At dinner we usually go around the table and tell one thing we've learned today, and so that's why I'm swirling my spaghetti and just finishing my remarks about chickens not minding rain. Now it's the husband's turn.
"Ahem," he says. "Today I learned that I have a dead Zip drive." This news falls upon the family with a thud. Just yesterday we ruled that it's not fair to learn the same thing several days in a row.
"All right, I'll take a look at it again," I say. Just how many times am I going to have to revive this thing? "Remember, it's drive E. Not drive B, like you were trying before."
"Drive E?" he says.
"Remember, you thought it was dead, but you were just calling it drive B?"
"Drive B?" he says.
Woe is the spouse in charge of family tech support. This is exhausting work. You are not simply the ever-chirpy computer geek agreeing to install some new software. You are married. You are the total emotional support service package, the shoulder to cry on as the husband stands weeping over his laptop and you urge him to pay attention as you demonstrate again the wonders of a Norton Protected Recycle Bin.
Many hours of my life have thus expired.
After dinner I revive his Zip drive, an external model he adopted from me last year after I got sick of how finicky it was. It is, I conclude, the wrong peripheral for the wrong man at the wrong time. "We're going to get rid of this thing," I tell him, reaching toward the USB port.
I see the look of panic wash over his face. "But how will I back up my data!" he says. He has a lot of backup anxiety. He backs up his hard drive every few hours. I have gingerly tried to tell him that most people find the once-a-week plan quite heroic. He says he could never live so recklessly. I tell him that this fundamental distrust of his computer's integrity might be at the root of his computer-literacy problem. He says maybe. (It also could have something to do with the polarizing effect that goes on in most marriages, each spouse gradually getting proficient/deficient in separate areas so as to maximize the total family skill set.)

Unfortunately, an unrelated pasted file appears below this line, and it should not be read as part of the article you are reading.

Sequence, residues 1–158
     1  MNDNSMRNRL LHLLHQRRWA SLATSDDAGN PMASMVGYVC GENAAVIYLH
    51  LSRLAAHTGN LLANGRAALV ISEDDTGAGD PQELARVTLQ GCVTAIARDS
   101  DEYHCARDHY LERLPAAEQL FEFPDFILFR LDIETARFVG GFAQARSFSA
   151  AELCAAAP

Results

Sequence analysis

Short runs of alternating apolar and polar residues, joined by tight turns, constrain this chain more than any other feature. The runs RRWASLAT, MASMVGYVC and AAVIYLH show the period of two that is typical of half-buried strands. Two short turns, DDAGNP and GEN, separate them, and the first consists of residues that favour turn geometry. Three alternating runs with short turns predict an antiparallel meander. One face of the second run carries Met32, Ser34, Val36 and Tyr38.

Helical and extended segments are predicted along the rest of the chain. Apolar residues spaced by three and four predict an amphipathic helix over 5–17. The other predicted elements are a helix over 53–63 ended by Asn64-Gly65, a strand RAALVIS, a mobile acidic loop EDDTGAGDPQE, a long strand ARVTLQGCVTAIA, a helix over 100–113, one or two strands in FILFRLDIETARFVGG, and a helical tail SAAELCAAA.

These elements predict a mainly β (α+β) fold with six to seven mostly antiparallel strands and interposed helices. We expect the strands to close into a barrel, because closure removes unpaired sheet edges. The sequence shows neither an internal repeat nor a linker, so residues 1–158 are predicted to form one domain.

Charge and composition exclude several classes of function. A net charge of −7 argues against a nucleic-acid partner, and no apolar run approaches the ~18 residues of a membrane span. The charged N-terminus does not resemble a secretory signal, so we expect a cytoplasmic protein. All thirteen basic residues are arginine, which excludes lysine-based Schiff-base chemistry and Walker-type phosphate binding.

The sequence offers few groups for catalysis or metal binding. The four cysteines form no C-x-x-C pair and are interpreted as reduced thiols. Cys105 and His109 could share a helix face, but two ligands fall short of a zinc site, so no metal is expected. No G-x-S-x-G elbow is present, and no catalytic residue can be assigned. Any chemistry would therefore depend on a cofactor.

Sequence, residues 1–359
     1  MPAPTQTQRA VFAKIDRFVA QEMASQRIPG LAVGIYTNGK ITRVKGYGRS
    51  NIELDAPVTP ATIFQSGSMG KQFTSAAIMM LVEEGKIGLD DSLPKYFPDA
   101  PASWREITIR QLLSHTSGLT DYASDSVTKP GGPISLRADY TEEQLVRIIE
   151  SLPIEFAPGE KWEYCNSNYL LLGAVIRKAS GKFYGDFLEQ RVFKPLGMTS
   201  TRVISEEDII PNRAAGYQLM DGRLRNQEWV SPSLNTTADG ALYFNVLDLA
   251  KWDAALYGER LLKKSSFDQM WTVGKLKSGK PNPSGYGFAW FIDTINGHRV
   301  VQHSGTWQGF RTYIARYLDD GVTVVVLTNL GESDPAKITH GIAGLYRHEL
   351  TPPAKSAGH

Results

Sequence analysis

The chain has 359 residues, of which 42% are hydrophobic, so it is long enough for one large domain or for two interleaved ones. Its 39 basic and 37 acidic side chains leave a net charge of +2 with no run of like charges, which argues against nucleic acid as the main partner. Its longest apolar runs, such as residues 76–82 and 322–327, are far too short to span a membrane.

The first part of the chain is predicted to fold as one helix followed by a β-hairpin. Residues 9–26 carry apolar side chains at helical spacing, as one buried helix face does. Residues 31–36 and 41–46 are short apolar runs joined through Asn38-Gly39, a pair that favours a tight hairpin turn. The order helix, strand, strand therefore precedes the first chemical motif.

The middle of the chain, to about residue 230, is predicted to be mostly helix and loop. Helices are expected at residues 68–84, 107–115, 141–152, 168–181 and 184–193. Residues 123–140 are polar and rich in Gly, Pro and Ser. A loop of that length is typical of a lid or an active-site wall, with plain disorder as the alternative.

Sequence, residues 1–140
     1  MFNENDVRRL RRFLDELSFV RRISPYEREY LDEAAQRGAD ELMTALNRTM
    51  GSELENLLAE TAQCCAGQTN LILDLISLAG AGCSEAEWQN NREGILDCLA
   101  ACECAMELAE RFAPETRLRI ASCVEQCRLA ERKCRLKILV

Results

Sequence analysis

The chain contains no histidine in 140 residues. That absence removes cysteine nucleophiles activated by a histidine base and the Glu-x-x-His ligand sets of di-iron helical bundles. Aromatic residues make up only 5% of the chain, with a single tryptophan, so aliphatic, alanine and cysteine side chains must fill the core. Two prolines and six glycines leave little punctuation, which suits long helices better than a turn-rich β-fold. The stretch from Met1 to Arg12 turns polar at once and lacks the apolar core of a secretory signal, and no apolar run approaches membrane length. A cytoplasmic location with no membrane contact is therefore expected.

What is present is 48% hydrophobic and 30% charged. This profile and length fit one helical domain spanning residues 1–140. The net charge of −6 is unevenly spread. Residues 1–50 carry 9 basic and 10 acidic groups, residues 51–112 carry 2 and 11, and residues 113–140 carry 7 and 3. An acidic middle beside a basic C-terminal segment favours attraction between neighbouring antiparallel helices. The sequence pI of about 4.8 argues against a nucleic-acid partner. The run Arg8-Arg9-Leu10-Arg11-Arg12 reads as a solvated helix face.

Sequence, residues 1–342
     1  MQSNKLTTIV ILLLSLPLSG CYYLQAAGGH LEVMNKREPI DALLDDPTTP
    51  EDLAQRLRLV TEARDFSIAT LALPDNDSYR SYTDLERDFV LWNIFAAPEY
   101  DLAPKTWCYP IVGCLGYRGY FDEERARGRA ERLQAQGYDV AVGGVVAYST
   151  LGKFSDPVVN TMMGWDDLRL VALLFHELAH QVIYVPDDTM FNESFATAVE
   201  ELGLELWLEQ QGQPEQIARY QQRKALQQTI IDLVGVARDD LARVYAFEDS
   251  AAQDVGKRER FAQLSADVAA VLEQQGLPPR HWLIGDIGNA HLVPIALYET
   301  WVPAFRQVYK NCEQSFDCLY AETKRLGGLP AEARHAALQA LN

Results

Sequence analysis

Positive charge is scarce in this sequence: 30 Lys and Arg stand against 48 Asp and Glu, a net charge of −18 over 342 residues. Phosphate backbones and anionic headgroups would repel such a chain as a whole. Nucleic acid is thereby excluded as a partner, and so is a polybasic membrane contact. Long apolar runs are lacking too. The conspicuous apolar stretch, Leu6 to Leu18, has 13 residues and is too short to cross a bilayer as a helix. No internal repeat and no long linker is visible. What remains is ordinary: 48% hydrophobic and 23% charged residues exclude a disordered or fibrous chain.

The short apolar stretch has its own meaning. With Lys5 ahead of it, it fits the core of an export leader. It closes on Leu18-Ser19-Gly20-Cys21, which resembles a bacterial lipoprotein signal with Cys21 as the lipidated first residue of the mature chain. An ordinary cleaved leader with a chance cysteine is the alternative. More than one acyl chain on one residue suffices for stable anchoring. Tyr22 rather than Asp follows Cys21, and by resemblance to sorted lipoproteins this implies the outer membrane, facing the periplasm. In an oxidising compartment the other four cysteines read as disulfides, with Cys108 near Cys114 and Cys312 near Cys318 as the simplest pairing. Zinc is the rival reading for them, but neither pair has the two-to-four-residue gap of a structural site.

I have no idea why this intelligent man refuses to take the time to become computer-savvy. I know it is not simply a matter of man versus machine. This same man is fearless on his giant farm tractor, tackling steep hills and impossibly thick brush. He's not afraid of that machine, so why this one?
He has no answer, only a question: "Are you going to back up my data before you pull the plug?"
I pull the plug. "Tomorrow we'll get you a nice, roomy external hard drive," I say. "You'll love it."
At the computer store the next day, I lead him to the data storage aisle. "How about this!" he says excitedly. "Look how small it is!"